We are up for another exiting day of voting about Brexit today in the IK Parliament, House of Commons.
On Monday the House majority approved a proposal spearheaded by former Conservative minister Sir Oliver Letwin so today MPs will take part in so-called indicative votes.
Amid the current impasse at Westminster – with the Commons so far unwilling to approve Prime Minister Theresa May’s Brexit deal – some MPs have been calling for parliament to be given a say on whether to choose a different path. This means that government’s business in the Commons – which usually takes precedence – will extraordinarily be sidelined in favour of the indicative votes plan.
MPs had until the end of yesterday to table different Brexit options for the Commons to vote on. A large number of proposals have been tabled and Speaker John Bercow will select seven for indicative votes tonight.
The motions tabled yesterday include:
Tonight there will be a debate and a vote on all seven motions selected by the Speaker.
In legal terms, the votes mean nothing and will not compel the government to change its Brexit strategy.
The prime minister has already told MPs she won’t commit the government to pursuing a different course, even if it is backed by a Commons majority through indicative votes.
In addition there are talks about bringing back Theresa Mays deal, the WA, for a third meaningful vote (MV3).
In fact EU did set as a condition for the delay of article 50 to May 22nd, that such a vite would diver a positive majority before the end of this week. Otherwise we will move towards a no-deal Brexit on April 12.
Yesterday we started to see tol ERG MPs, like Jacob Rees-Mogg clearly moving into a new position supporting the WA as it stands.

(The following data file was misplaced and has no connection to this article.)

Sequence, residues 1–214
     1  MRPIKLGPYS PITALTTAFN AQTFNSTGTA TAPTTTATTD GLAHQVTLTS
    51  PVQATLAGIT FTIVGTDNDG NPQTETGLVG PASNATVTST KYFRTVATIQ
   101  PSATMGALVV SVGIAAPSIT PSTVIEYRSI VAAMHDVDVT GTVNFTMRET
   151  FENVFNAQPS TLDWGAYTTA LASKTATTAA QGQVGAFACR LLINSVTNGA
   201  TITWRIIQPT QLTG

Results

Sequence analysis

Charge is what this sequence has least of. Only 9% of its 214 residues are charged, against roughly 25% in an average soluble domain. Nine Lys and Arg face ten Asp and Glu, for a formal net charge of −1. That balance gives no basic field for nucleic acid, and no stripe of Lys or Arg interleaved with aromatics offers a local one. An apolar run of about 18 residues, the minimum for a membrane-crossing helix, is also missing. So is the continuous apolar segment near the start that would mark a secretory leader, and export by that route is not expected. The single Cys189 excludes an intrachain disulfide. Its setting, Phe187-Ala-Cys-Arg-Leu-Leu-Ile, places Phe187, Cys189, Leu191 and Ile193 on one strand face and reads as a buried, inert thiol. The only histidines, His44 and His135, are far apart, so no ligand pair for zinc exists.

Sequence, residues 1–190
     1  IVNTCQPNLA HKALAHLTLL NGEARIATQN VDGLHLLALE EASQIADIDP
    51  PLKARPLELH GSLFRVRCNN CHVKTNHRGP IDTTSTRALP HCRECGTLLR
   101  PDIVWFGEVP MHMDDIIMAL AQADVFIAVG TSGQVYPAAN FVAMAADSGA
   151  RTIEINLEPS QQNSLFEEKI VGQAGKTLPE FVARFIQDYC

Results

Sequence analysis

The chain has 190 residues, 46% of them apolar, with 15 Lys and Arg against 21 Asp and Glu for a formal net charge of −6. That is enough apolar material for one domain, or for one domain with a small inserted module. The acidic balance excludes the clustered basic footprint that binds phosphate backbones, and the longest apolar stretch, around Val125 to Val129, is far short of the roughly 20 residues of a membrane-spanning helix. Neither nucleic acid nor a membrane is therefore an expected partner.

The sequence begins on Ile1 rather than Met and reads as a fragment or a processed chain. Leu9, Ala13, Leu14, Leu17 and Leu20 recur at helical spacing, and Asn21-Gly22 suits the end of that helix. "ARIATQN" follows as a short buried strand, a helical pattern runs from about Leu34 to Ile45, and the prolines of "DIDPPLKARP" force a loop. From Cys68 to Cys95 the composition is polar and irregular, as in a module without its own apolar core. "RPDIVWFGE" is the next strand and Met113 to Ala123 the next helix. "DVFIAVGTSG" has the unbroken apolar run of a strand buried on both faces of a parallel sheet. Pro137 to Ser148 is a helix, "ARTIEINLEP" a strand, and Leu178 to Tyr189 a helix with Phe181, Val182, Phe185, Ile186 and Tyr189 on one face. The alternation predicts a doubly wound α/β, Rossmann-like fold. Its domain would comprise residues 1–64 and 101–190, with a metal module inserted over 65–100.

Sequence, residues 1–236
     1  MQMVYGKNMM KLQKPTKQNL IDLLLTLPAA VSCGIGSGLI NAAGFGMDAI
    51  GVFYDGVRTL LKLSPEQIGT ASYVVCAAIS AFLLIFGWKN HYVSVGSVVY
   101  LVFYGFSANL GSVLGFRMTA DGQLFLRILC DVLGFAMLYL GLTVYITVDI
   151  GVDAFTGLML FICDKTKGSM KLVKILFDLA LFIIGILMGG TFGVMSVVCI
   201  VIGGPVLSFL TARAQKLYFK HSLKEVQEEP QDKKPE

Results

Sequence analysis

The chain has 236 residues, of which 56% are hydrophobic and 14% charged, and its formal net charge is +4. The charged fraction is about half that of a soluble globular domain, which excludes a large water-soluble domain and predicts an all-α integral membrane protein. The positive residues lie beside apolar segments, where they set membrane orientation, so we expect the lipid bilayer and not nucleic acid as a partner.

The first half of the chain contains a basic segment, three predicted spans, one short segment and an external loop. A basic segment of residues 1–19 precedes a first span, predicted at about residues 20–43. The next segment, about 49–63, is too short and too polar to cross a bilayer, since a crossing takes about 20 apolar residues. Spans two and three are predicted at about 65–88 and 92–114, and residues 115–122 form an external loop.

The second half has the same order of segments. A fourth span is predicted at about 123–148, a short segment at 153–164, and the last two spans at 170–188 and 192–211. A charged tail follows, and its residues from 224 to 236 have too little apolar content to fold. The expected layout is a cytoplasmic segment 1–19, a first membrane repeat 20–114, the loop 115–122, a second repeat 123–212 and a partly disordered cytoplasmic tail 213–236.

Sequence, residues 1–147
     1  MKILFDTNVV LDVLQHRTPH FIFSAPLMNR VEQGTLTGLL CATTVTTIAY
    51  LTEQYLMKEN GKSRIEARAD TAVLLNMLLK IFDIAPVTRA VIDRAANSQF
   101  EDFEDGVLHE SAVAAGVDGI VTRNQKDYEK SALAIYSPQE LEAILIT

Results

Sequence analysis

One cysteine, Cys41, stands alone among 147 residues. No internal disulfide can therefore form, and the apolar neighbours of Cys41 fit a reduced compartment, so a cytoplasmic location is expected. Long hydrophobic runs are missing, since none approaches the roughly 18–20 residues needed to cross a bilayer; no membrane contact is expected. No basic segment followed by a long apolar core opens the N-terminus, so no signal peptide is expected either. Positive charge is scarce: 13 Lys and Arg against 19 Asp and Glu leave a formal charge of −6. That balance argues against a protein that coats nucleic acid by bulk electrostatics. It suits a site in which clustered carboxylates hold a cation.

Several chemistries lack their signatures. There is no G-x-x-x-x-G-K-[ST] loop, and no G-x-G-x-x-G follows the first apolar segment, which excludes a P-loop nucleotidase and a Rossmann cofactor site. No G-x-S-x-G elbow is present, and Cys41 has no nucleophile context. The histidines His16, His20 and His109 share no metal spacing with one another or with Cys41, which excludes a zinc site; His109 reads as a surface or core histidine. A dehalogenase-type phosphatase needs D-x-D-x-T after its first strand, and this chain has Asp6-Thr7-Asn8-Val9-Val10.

I am convinced that there will be a MV3, if not tomorrow – there is not a majority to make it pass yet – then early next week.
Will we know more tonight? Maybe. Nobody knows.
Will we know more next week. Yes, I think so.
We are getting closer to crunch time.
I am at the OECD HQ in Paris today for important meetings on how to address the challenges of illicit trade in free zones.
We have designed and developed a compliance management programme for World Freezones Organization (World FZO) and its members in more than 110 countries, The Safe Zone concept.
Today we discussed this programme with OECD that has an initiative in this field. Everythong that can be done to enhance compliance, cooperation and partnership in the fight against cross-border international crime is good.
It was good meetings with experts from around the world. I see a great potential for this important to become a driver for prosperity and development of free zones and thus the goobal value chains where free zones play an instrumental part as and engine and driver of economic growth and prosperity.
The PM says it is her “great regret” there is still not enough support for her Brexit deal – but suggests she won’t change tactics.
Theresa May has admitted there is still not enough support to bring back her Brexit deal for a third vote in the House of Commons – but failed to commit to chasing an alternative strategy.
The prime minister updated MPs on Monday after agreeing a delay to Brexit with EU leaders at a Brussels summit last week.
The UK will now leave the bloc on 22 May, although this is conditional on parliament finally approving Mrs May’s Brexit deal by the end of this week.
Without MPs agreeing to the prime minister’s withdrawal agreement, the Brexit date will instead come sooner on 12 April.
Mrs May told the Commons it is her “great regret” that “as things stand, there is still not sufficient support in the House to bring back the deal for a third meaningful vote”.
Her admission came after a phone call with Arlene Foster, the DUP leader whose party props up Mrs May’s government at Westminster.
After the pair’s conversation, the Northern Ireland party announced its opposition to the prime minister’s deal “remains unchanged”.
Source: Sky News